Cliveden a royal favourite

Painting of King Edward VII
King Edward VII National Trust / Christopher Warleigh-Lack

Cliveden has been visited by virtually every British monarch since Lord Orkney hosted George I here. Throughout the years, Cliveden’s owners have been councillors to the crown and friends of the royal family and a Prince has even called Cliveden home.

The Duke of Buckingham fought for Charles I during the Civil War and later became Charles II’s favoured advisor. Lord Orkney considered William of Orange a friend and the King arranged his advantageous marriage. Orkney was favoured by successive monarchs; Queen Anne presented him with an urn (on display in the garden) and George I was the Orkney’s dinner guest at Cliveden on at least five occasions. 

Home of a Prince

Following Lord Orkney’s death, the estate was let to Frederick, Prince of Wales in 1737 for £600 a year. The Prince brought his young family to Cliveden to escape his deteriorating relationship with his parents.

At Cliveden Prince Frederick organised theatrical and musical performances in the amphitheatre, most famously hosting the first performance of ‘Rule Britannia’ in 1740. A cricket injury sustained whilst playing on the Parterre proved fatal in 1751 and his estranged father, George II, outlived him.

The Prince of Wales and his sisters
A painting showing the Prince of Wales and his sisters making music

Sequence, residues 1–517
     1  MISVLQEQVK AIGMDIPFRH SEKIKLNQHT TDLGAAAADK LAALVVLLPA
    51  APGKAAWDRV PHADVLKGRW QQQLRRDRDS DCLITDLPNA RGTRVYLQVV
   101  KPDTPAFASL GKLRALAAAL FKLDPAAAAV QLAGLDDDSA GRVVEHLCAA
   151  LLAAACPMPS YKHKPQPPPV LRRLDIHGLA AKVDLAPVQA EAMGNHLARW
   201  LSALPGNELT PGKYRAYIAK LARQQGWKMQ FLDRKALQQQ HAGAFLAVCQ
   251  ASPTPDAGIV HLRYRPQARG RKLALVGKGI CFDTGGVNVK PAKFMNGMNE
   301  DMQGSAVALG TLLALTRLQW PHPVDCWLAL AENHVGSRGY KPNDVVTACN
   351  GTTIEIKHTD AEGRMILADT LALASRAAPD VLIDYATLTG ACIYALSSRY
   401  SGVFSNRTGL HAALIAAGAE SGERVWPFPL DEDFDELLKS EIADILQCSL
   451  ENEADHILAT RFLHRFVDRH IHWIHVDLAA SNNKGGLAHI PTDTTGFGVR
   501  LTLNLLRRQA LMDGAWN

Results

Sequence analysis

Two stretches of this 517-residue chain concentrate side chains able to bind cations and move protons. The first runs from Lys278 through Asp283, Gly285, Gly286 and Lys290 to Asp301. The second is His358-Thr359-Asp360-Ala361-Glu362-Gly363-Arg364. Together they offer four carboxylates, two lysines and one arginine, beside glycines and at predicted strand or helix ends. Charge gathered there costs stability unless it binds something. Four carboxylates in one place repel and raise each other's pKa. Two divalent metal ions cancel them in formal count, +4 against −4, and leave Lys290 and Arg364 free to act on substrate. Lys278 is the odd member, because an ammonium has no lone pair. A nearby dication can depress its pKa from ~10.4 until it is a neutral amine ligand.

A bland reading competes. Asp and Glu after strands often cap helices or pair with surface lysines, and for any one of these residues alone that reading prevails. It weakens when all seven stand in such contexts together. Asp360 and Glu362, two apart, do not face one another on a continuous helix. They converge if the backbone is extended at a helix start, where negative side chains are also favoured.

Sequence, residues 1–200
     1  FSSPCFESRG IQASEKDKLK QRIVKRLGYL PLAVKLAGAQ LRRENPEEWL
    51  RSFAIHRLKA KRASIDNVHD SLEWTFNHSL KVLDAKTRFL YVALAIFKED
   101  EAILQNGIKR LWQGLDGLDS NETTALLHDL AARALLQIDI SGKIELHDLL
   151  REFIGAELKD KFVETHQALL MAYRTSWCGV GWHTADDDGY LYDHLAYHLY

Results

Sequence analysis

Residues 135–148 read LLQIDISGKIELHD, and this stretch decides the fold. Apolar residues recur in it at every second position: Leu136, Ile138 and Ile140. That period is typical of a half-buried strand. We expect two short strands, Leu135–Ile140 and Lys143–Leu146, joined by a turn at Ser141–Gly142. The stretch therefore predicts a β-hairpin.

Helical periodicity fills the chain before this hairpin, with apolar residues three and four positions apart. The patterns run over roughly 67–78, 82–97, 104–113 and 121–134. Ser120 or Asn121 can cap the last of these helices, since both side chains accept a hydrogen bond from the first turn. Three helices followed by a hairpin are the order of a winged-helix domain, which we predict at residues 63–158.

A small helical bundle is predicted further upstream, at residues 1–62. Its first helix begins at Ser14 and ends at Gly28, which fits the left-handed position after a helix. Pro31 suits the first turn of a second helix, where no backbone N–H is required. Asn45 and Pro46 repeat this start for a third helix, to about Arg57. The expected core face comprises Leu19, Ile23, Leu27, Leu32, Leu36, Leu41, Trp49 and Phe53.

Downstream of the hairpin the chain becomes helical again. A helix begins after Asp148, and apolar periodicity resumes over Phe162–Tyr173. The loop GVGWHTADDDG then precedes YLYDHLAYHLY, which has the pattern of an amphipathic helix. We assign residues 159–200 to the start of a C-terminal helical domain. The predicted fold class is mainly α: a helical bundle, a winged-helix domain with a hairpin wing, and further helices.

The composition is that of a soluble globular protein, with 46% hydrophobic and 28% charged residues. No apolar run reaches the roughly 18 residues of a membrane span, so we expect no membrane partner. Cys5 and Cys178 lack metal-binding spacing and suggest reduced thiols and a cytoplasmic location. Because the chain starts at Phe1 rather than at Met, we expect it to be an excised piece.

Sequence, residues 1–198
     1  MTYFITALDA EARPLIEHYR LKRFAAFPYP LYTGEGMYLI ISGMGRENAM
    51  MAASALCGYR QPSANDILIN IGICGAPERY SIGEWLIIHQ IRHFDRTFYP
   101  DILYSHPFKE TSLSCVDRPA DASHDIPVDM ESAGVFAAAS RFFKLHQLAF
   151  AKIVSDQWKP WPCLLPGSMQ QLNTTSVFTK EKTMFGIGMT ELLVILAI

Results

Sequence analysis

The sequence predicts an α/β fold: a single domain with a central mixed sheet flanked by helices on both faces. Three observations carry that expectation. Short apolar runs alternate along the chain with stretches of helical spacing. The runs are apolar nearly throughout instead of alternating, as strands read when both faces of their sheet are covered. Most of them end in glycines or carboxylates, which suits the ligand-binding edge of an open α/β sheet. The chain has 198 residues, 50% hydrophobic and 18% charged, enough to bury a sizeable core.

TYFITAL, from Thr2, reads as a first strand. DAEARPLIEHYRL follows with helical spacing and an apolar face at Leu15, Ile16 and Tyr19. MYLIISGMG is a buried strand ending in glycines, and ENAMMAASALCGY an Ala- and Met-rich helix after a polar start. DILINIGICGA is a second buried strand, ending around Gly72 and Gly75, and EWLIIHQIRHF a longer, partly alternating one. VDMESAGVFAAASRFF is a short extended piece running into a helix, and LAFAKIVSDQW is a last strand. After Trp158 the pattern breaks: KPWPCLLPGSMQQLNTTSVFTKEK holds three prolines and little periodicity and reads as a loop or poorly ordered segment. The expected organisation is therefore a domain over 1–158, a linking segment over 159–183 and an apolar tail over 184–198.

National Trust Images / John Hammond

Queen Victoria’s confidant

Queen Victoria would travel up the River Thames from Windsor spend time with her friend, Harriet Duchess of Sutherland. On her accession in 1837, the Queen appointed Harriet Mistress of the Robes and the pair became good friends. Victoria visited Cliveden on at least eight occasions and was lent also the house for a ten day stay in the summer of 1866.

Queen Victoria
A painting of Queen Victoria as a young woman
National Trust / Christopher Warleigh-Lack

Modern day monarchs

In the early twentieth century, King Edward VII was eager to meet the newly married Nancy Astor. On one occasion during a visit to Cliveden, Edward VII asked to play bridge which Nancy declined, famously saying ‘I am afraid I can’t tell a King from a Knave’ – much to the King’s amusement.

As a child, Elizabeth II accompanied her parents George VI and Queen Elizabeth (the Queen Mother) on a visit in 1938 and visited the Canadian Red Cross Hospital at Cliveden during the Second World War.  As Queen, she was one of 450 guests who attended a lavish ball hosted by Bill Astor in 1957.